Principle 1 in Practice: Cultivating positive relationships through attention and persistence

“We are a relationship-based school,” Terrill responded when asked what sets Crosstown apart from other schools. Positive relationships with students are foundational to teachers’ ability to influence students and hold them to high standards.

Covid has really tested staffs’ relationship-building confidence. One major challenge? The feeling you’re “shouting into a void.” With students’ cameras often off and their microphones muted, it can be easy to doubt whether you’re reaching anybody.

One remedy for Lauren Mueller, an 11th grade English teacher, has been to pepper her live classes with references to individual students to keep them listening and responding. “Sometimes kids get spooked when I remember a detail they told me, about what they're doing this weekend or something they enjoy,” Mueller said. But her students appreciate the attention she pays to their personal lives. “We love to be seen as whole people, and love to be like, ‘Oh my gosh! You remember that fun fact, Oh, so cool!’”

Crosstown students pack goodie bags for the “Yeti Winter Drive” in December 2020.

For some students, building a relationship requires a lot more persistence. Mueller had to invite one student to office hours seven times before he finally showed up. Her tenacity showed the student she cared about him and believed he could improve.

Though educators may value relationship-building with students, schools aren’t always structured to support it. At Crosstown, time for relationship-building is built into the school day. All students are assigned an advisory—a home base of 10-12 students—where they can deeply connect with a single staff member on a regular basis. Students have 10-15 minute one-on-one check-ins with their advisors at least every two weeks.

“Even if you feel as if nothing is going on, you should always check in because you never know what is going on behind the screen.”

“A kid may skip an English class from time to time or check out, but they are showing up for that one-on-one time with their advisors,” Terrill said. That is a prized time that they are relishing, just having those conversations.”

The value of one-on-one check-ins was not lost on students. When asked how teachers could ensure students of all backgrounds are learning during the pandemic, tenth grader Arianna Wright’s advice was to always check in on students individually. “Even if you feel as if they are okay, even if you feel as if nothing is going on, you should always check in because you never know what is going on behind the screen.”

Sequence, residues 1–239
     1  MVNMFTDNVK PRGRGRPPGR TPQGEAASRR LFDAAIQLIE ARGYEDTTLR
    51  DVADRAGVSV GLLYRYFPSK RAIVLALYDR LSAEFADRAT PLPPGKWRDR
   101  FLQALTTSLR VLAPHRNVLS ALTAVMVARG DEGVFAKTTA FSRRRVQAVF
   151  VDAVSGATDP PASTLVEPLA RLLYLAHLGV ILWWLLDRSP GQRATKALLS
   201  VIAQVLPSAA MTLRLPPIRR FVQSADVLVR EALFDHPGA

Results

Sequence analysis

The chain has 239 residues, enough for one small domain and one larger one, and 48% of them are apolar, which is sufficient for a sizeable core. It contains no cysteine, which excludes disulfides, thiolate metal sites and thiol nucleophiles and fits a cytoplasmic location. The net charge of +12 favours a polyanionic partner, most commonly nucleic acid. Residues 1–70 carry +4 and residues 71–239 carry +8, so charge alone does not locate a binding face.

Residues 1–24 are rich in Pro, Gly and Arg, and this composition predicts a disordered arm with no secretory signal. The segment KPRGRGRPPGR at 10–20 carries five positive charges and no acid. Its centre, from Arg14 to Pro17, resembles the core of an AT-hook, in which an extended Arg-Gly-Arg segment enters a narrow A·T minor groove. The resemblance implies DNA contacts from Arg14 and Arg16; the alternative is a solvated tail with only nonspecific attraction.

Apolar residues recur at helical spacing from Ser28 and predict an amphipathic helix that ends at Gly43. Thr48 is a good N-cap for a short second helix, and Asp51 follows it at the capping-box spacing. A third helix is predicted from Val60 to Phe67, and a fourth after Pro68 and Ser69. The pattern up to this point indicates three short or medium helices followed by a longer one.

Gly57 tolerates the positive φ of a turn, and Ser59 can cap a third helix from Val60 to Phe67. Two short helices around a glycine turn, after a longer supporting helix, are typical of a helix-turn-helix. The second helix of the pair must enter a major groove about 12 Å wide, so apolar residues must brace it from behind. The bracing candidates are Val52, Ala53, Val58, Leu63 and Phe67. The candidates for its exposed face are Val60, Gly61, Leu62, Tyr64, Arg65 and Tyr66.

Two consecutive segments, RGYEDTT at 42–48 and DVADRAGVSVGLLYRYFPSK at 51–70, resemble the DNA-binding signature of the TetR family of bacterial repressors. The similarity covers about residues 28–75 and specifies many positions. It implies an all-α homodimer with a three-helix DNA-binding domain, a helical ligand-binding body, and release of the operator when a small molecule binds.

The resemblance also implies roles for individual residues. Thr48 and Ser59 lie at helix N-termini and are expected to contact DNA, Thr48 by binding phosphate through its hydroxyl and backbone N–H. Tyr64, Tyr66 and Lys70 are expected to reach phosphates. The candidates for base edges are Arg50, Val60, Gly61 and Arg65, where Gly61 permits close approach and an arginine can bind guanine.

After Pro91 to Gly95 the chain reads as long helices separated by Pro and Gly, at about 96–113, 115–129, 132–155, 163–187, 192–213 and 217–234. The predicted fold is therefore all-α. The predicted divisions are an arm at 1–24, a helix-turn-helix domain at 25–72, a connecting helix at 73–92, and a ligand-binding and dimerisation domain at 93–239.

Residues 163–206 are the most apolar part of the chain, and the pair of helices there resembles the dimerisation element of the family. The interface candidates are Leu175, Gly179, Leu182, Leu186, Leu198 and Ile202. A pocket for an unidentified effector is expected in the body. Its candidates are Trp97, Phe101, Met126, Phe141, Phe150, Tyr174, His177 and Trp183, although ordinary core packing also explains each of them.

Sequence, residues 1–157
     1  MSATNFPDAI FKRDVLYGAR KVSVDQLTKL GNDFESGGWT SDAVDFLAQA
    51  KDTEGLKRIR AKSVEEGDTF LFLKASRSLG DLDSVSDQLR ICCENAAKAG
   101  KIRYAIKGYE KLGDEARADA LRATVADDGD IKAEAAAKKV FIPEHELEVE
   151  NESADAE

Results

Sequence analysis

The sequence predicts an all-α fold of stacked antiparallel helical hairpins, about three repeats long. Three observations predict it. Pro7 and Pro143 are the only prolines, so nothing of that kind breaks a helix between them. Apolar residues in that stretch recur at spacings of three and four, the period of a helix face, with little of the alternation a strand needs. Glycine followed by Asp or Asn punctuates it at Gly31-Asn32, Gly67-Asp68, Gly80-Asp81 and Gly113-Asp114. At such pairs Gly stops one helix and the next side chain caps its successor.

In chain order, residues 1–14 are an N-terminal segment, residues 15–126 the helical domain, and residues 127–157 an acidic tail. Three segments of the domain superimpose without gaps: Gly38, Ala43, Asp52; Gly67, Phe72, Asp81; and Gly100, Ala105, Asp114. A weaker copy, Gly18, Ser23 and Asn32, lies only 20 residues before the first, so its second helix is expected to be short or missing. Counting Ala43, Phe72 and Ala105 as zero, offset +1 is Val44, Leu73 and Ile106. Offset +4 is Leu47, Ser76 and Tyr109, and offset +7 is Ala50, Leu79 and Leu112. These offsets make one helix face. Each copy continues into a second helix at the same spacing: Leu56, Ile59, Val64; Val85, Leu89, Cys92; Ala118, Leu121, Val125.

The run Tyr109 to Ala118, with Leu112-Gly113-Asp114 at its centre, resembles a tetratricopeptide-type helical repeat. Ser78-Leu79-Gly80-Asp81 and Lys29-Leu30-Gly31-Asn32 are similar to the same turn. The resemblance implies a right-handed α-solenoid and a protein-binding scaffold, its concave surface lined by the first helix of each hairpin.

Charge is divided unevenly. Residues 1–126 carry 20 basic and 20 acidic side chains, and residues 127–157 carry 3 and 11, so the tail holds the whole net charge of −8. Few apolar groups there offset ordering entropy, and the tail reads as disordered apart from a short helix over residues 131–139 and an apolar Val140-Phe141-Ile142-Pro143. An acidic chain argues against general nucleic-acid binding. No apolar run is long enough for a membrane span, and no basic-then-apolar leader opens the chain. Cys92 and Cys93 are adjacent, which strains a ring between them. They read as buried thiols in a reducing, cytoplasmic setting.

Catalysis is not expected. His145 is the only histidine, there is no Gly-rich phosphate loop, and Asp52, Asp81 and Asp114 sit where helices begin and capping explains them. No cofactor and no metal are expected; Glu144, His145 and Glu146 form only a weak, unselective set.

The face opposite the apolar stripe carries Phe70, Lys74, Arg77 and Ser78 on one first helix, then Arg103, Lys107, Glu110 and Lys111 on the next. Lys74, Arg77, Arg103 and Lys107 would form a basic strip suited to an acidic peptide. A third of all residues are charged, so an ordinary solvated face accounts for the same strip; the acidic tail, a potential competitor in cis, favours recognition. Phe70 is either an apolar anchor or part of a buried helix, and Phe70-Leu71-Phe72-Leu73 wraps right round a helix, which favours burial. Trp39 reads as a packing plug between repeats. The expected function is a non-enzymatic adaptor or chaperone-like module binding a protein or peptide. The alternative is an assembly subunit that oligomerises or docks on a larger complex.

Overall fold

Principle 1 in Evidence: Gauging student engagement and sense of connection

Traditional school success measures, like scores on achievement tests, can’t demonstrate to staff how well they’re connecting with students. But those connections drive students to want to learn. That’s why Crosstown teachers and leaders emphasize monitoring students’ attendance and retention—measures that capture how much students want to engage with their teachers and peers.

And they tend to do well in these areas: pre-pandemic, Crosstown was recognized for having one of the highest attendance rates in the district, a pattern that has carried over into the current school year. Few students choose to leave the school once enrolled. Only six of Crosstown’s four-hundred students have unenrolled this year, with only two weeks remaining until summer break.

Further evidence students want to be at Crosstown? Despite the shift to distance learning, the school had another strong admissions season, receiving 235 applications for 135 spots.

When students start to show signs they’re disengaging—like logging in but not responding to a teacher’s questions—there’s a robust system in place to communicate the issue among relevant staff and to problem-solve accordingly.